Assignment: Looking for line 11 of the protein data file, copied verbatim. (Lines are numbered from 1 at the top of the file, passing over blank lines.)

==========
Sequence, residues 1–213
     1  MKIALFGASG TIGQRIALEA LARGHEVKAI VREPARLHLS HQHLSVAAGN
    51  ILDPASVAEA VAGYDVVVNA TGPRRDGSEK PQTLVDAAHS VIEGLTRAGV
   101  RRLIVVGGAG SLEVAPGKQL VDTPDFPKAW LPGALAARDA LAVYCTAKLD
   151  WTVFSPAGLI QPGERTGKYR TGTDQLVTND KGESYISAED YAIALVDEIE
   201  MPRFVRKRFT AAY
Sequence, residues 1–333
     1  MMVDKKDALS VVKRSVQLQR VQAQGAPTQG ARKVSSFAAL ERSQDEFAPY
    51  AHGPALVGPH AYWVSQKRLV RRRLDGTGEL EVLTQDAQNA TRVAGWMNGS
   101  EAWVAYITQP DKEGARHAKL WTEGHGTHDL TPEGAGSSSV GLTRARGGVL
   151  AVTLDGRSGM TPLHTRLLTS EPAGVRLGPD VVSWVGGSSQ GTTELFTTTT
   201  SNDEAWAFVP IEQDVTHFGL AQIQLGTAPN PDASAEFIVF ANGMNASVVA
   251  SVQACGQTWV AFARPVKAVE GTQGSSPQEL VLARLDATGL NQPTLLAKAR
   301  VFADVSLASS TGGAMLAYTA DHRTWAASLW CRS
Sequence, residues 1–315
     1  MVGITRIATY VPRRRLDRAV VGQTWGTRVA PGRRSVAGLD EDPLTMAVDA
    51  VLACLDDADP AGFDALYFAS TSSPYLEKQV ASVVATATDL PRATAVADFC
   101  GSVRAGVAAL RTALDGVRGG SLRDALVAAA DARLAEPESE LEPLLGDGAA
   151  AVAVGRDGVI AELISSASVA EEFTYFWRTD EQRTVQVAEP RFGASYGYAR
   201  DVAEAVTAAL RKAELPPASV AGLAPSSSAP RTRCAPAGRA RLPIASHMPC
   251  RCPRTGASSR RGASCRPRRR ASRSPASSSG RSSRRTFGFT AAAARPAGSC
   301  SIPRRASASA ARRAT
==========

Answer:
   151  AVTLDGRSGM TPLHTRLLTS EPAGVRLGPD VVSWVGGSSQ GTTELFTTTT